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Sex crime residency laws exile offenders

California voters weigh restrictions similar to those passed in Iowa.

October 30, 2006|Jenifer Warren | Times Staff Writer

DES MOINES — Shortly after 8 each evening, David DenAdel kisses his wife and three kids goodbye and leaves his home in the peaceful suburb of Clive. A half-hour later, he pulls up at an unfurnished rental in a scruffy pocket of Des Moines, one of the few spots in the region where he can legally spend the night.

His children, ages 3 to 6, "think maybe I'm camping, but they really aren't sure," said DenAdel, 37, who pays $650 a month for the rental and $1,500 a month for the mortgage on his home. "It's not easy leaving them every night, but it's the law."

A little more than a year ago, Iowa began barring sex offenders such as DenAdel, convicted of sexual abuse on a 15-year-old girl, from living within 2,000 feet of a school or child-care center. Soon after, cities and counties passed even stricter rules, adding libraries, swimming pools, parks and bike trails to the protected list.

Now, much of urban Iowa is off limits to those whose past includes a sex crime against a minor.

As Californians prepare to vote next week on Proposition 83, which would impose a similar residency ban, Iowa is becoming an example of the unintended consequences of such measures.

Prosecutors, police officials and even victims rights groups say the crackdown has backfired, driving some offenders into rural towns and leaving others grouped at motels, campgrounds, freeway rest stops or on the streets.

Many have simply gone underground, authorities say, with more than twice as many registered sex offenders now considered missing than before the law took effect.

'Off the radar scope'

"These guys are off the radar scope, and we've got no idea where they are," said Bill Vaughn, chief deputy of the Polk County Sheriff's Department in Des Moines.

All around the Hawkeye State, police and sheriff's deputies say they are overwhelmed by the task of chasing down child molesters who violate the residency law. And although they don't often pity sex felons, authorities say the house-hunting challenge faced by the ex-cons is almost insurmountable.

"When they call and ask where they can legally live, my response is, 'Do you know anybody in Nebraska?' " said Des Moines Police Sgt. Barry Arnold. "It's a nightmare."

Iowa prosecutors agree. Their statewide association earlier this year declared the law a failure and asked the Legislature to pursue a different strategy to protect children from sex crimes.

The Iowa Coalition Against Sexual Assault, representing victims, echoed that request. Executive Director Elizabeth Barnhill said Iowans are less safe now because sex offenders, facing banishment, are absconding in large numbers.

"Probation and parole supervisors cannot effectively monitor ... offenders who are living under bridges, in parking lots, in tents at parks or at interstate truck stops," she said.

Despite such concerns, Iowa's Legislature has declined to overhaul the law. One member, Republican Sen. Larry McKibben, acknowledged that "things may not be working the way we'd hoped." But in an election year, he said, legislators would not support anything "making life easier for these pariahs."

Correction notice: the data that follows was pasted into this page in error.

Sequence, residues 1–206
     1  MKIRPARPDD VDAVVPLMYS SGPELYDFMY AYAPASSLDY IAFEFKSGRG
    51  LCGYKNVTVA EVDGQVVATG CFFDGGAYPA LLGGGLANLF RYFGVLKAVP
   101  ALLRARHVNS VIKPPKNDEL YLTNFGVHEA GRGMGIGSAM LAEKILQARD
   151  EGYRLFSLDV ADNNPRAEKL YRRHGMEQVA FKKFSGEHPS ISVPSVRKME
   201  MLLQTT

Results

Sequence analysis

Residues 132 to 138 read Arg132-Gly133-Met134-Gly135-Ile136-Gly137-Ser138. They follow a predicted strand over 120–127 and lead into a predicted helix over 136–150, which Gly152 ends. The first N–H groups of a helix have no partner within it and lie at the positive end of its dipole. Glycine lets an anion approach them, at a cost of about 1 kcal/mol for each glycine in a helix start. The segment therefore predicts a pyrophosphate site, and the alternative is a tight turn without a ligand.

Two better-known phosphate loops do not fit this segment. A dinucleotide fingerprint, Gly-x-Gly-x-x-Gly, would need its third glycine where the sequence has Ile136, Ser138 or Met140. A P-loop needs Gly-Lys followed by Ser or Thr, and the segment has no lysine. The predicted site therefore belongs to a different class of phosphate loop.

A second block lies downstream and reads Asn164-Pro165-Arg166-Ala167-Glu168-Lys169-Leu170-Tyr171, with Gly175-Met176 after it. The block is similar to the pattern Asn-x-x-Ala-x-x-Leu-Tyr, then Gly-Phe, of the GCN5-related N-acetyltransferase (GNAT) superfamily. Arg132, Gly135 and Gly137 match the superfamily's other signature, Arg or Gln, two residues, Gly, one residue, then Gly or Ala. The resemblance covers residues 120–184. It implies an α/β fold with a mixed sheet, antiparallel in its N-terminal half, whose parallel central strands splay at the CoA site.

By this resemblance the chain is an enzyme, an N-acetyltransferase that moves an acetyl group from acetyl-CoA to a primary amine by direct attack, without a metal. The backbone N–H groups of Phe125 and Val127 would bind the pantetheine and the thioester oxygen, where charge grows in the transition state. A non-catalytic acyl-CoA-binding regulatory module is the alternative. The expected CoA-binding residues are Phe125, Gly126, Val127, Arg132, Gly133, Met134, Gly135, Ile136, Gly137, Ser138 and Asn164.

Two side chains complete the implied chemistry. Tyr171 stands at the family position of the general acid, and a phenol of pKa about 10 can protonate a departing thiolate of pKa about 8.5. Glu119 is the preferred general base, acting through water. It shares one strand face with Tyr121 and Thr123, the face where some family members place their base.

"We live in a nasty political environment, and I certainly wouldn't have wanted to take a vote that somebody could turn into a direct mail piece saying I was going soft on sex offenders," said McKibben, who led a legislative task force that studied the law's effect.

Iowa is among about 20 states and hundreds of communities that have adopted rules governing where released sex felons may live.

In California, Proposition 83 would ban registered sex offenders -- including those whose victims were adults -- from homes within 2,000 feet of a school or park and would allow local governments to adopt more restrictive rules. The initiative also would increase prison and parole terms for some crimes and require electronic monitoring of registered sex offenders for life, an added step that backers say would prevent some of the problems that have surfaced in Iowa.

According to maps prepared by the California Senate, Proposition 83 would bar sex offenders from living in much of Greater Los Angeles and virtually all of San Francisco, leaving only the less densely populated suburbs and rural areas open to them. Already, some local governments are adopting Iowa-like ordinances.

Although sexual assaults on children have declined nationwide in recent years, several disturbing crimes have stirred politicians into action. Among them was the February 2005 murder of a 9-year-old Florida girl, Jessica Lunsford. Police believe she was killed by a convicted sex offender working at her school.

Advocates believe forbidding offenders to live near schools decreases their access to children and thus reduces assaults. Critics say the residency laws are anchored in faulty logic because strangers are responsible for only about 10% of sexual attacks on minors. The vast majority of assaults on young victims are committed by people they know and trust, often family members.

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